I stare at a picture of a young teenager. He has brown hair. Brown eyes. A smile. He looks like a nice kid. Kind. Atheletic. I imagine him throwing a ball, first as a boy with his dad, later in little league. I imagine the young boy growing into his body and mind, struggling with the things we all struggled with as we grew. The kinks of middle school and puberty, the love/hate relationship with family and self, the dreams, the aspirations, the disappointments.
But none of that is his anymore.
Yesterday, while sitting in a cafeteria in his high school in Chardon, Ohio, another young man walked into the room, took out a gun and open fired on a table of students. Daniel Parmertor age sixteen, never made it out of that cafeteria alive. Two more have died since. And as I look at Daniel and the other young boy's pictures one nagging question comes to mind and it is directed specifically to the members and directors of the NRA.
HOW DO WE END THIS?
The retort, "Guns don't kill people, people kill people," insinuates that someow the overwheming amount of gun crime in the United States is not at all related to the fact that guns are so prevalent and easy to obtain in this country. You can buy them at Walmart, on line, at gun shows and garage sales, back-ground checks be damned. Without a gun, the three children that died in yesterday's senseless shooting would be in school right now. They would be going home to their families later on, having dinner with them, or updating their Facebook page. Something.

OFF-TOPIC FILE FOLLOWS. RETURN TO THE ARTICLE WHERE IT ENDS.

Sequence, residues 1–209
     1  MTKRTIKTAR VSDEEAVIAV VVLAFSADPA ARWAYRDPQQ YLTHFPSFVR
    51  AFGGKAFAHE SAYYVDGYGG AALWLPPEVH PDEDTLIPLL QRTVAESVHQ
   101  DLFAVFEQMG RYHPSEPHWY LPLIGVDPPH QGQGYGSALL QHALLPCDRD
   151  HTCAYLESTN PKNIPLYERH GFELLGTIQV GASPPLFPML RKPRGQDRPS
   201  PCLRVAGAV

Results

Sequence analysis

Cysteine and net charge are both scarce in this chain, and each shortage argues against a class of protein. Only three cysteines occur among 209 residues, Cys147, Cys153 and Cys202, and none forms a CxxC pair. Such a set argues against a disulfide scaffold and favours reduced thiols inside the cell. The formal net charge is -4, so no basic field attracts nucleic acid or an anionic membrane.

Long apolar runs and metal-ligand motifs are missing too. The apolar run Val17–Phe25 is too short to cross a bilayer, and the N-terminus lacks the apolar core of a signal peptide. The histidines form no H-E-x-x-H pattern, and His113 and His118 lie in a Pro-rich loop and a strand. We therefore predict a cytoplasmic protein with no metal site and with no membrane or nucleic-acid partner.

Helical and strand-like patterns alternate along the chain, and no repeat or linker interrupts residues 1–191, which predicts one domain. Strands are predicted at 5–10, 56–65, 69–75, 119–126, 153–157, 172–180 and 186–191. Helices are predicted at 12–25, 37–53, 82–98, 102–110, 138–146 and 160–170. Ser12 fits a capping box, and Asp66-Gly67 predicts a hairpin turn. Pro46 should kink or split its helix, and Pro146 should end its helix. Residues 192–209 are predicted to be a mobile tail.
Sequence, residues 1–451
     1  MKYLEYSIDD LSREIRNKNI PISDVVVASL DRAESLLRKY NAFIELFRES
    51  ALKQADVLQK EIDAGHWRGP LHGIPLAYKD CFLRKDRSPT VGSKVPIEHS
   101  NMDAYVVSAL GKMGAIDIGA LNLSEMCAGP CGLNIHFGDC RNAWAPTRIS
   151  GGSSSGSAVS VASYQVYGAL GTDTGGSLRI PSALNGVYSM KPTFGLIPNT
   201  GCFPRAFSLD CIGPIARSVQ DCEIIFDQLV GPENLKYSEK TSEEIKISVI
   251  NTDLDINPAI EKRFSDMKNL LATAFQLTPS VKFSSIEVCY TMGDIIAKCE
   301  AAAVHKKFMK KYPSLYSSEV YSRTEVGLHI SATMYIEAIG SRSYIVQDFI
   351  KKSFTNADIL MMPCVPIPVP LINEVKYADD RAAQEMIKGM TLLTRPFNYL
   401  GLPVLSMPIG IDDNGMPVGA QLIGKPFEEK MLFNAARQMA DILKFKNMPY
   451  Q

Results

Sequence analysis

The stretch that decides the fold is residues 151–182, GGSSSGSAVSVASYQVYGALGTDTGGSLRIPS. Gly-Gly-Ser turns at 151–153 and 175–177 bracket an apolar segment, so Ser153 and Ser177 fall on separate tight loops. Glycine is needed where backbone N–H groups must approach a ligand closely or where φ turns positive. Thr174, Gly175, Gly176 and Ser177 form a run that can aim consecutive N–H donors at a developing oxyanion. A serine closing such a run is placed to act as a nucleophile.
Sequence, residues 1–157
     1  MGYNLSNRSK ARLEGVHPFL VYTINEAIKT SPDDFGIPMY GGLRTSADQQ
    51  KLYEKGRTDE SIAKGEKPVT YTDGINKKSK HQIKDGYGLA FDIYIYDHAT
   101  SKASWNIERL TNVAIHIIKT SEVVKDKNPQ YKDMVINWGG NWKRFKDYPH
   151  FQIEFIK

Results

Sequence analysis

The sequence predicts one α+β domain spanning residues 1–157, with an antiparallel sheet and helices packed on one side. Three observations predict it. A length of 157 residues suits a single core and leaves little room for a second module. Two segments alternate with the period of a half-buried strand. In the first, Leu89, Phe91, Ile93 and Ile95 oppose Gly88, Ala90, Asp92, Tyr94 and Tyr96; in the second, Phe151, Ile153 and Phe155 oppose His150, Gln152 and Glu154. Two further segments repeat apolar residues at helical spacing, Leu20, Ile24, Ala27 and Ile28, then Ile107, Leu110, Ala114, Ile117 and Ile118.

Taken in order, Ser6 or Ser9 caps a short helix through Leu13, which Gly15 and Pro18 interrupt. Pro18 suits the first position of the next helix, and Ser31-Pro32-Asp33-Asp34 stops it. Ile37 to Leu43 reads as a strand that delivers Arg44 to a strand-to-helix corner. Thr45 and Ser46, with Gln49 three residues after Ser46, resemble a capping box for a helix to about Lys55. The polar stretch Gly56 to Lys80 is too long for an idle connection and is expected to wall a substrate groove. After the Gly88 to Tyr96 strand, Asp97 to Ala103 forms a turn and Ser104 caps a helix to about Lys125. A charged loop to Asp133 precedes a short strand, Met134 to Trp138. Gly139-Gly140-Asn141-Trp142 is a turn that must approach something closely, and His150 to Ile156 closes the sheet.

Instead, three are dead and two are wounded.
A gun did that. A gun in the hands of an unstable young man who grew up in a violent home, yes. A person who needed mental health care, support and attention, certainly. But still, it was a gun that dropped those children yesterday. Without that gun, Russel King Jr. 17, Demetrius Hewlin 16, and Daniel Parmertor 16, would be alive.
How do you solve that NRA? Or, do you still insist it is not your responsiblity to address the question?